The Box

I was eighteen when my Dad was diagnosed with cancer. The disease took him quickly, but on his deathbed he asked everyone to leave and with all his energy he sat up in bed.

“Son, life will throw you curve balls and sometimes you’ll feel you don’t know what to do, but there is always hope. Open the drawer over there,” he said, gesturing to the cabinet next to the bed.

I opened it and took out a mahogany box. He removed his necklace and passed it to me; a small key hung from it.

“I’ve never been good at advice, but I can give you one thing, that box and this key. However tough things get, this is your hope. This is the only thing I have that could help you when I’m gone. Cherish it son. It was passed down from my father, which was passed down from his.”

“Thanks,” I said confused.

“Just remember, this box is a symbol of hope, never give up.”

And with that, his eyes shut and the strings holding up his shoulders gave way and he was gone.

I thought about that box many times over the years as I grew up. There were many times where I wanted to open it, but I never did. Knowing there was something that could help me in times of need was all I needed, a safety net if you will. With all the ups and downs, I made it. I married my childhood sweetheart, had a child of my own and life ended up good. My father was always in my mind, his advice and his box. I wanted to thank him for the help he gave me after he’d gone. But in some way, I knew he knew.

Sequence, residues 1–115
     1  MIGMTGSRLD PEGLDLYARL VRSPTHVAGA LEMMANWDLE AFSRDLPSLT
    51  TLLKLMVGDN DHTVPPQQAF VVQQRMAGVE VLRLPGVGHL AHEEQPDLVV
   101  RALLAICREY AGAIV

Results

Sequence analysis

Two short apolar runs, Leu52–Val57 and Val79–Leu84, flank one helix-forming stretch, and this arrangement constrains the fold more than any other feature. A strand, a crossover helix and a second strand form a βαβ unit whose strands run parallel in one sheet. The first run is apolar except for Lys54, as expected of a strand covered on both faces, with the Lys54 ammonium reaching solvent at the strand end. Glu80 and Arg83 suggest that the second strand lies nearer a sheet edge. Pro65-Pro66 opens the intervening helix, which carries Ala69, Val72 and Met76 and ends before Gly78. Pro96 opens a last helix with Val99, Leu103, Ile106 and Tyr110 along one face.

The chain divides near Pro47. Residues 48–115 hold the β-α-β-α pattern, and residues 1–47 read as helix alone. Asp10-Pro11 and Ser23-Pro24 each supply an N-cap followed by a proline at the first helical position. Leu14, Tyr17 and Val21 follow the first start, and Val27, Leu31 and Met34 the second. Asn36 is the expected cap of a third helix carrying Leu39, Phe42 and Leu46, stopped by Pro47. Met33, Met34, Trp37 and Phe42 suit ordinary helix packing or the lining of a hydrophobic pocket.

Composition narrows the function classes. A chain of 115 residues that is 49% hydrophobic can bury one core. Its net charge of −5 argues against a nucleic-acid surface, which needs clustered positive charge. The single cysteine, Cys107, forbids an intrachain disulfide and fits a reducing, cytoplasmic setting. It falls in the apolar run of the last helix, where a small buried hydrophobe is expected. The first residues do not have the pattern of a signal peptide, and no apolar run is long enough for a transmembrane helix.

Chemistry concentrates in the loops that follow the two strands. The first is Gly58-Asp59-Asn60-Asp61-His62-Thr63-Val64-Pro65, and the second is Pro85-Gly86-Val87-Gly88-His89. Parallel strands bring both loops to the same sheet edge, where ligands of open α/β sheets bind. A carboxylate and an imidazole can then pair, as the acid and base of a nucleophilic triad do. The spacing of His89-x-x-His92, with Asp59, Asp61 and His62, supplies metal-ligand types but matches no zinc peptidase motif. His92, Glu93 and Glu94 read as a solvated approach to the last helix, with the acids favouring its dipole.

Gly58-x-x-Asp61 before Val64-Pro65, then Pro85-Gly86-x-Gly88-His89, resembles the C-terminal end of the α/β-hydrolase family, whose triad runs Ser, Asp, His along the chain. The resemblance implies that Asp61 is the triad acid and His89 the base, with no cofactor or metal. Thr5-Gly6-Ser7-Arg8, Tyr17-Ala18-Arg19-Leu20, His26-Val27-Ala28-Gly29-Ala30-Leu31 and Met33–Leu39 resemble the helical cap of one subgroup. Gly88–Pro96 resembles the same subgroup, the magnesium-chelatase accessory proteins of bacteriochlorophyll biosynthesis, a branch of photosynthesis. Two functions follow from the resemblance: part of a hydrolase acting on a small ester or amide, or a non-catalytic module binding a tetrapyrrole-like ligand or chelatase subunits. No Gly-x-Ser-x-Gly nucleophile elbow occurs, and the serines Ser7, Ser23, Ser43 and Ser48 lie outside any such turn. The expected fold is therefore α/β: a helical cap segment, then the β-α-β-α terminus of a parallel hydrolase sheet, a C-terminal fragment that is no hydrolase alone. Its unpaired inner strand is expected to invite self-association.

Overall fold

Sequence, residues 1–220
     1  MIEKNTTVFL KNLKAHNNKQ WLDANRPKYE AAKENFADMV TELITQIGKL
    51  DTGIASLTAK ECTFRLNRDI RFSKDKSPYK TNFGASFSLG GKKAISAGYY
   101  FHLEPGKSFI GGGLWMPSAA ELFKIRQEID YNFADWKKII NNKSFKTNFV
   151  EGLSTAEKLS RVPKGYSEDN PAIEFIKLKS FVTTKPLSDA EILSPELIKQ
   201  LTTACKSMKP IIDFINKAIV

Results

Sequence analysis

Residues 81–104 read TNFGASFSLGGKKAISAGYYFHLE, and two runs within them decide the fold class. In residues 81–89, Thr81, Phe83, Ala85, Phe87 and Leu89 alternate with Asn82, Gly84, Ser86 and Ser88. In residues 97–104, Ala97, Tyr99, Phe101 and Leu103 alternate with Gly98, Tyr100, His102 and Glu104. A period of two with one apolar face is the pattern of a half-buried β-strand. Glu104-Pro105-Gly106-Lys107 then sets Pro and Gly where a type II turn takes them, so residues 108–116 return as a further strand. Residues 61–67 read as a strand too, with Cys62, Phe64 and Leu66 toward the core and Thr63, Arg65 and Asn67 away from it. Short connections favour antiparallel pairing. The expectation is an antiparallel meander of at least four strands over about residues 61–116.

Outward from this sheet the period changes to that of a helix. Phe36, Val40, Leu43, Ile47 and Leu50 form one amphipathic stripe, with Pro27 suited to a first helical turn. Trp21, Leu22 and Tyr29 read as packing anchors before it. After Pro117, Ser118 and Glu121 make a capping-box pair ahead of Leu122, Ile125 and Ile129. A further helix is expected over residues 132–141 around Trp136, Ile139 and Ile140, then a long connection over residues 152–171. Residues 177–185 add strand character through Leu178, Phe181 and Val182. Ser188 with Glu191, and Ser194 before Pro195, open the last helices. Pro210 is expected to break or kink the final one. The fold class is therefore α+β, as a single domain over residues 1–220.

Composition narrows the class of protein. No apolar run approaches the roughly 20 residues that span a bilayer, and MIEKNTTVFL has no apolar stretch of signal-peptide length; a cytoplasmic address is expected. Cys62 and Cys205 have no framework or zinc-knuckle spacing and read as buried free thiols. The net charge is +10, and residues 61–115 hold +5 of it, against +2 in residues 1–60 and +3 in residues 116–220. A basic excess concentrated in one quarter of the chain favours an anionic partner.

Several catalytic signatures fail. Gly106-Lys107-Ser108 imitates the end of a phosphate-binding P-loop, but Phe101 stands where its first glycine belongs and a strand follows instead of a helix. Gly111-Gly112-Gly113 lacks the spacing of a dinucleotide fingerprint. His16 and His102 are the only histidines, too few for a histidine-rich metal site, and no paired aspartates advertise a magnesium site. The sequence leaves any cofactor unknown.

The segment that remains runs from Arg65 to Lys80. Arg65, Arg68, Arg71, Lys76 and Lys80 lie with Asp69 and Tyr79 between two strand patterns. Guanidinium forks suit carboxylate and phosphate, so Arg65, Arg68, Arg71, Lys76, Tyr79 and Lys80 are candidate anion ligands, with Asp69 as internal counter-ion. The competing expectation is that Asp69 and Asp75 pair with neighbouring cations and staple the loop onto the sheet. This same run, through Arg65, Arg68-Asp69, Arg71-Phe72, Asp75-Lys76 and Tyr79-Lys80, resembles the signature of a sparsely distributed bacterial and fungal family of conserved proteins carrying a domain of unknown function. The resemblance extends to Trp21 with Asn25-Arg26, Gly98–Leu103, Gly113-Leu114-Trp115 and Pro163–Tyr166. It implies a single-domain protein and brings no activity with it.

When my son Daniel turned eighteen and was going off to college, he was upset, he didn’t want to leave his friends, but we knew it was the best chance he had to get a good life. I passed the box and key onto him. Told him it was his hope; when things get hard, it was there for him. Never give up, but when times are hard, it will be there for you.

I returned home with groceries for Daniel to take with him to University. I shouted out for him and didn’t hear a response. Assuming he went out, I phoned his Cell. I heard the muffled ringtone from the floor above. I took the stairs two at a time to see his bedroom door open; the box on the floor empty, except for a note.

His lifeless body lay peacefully on the bed, a large red stain dying the sheets; a gun sat loosely in his grip. I fell to my knees and cried.

I picked up the note that sat in the box.

When you’ve lost all hope, what you find within will be your peace.

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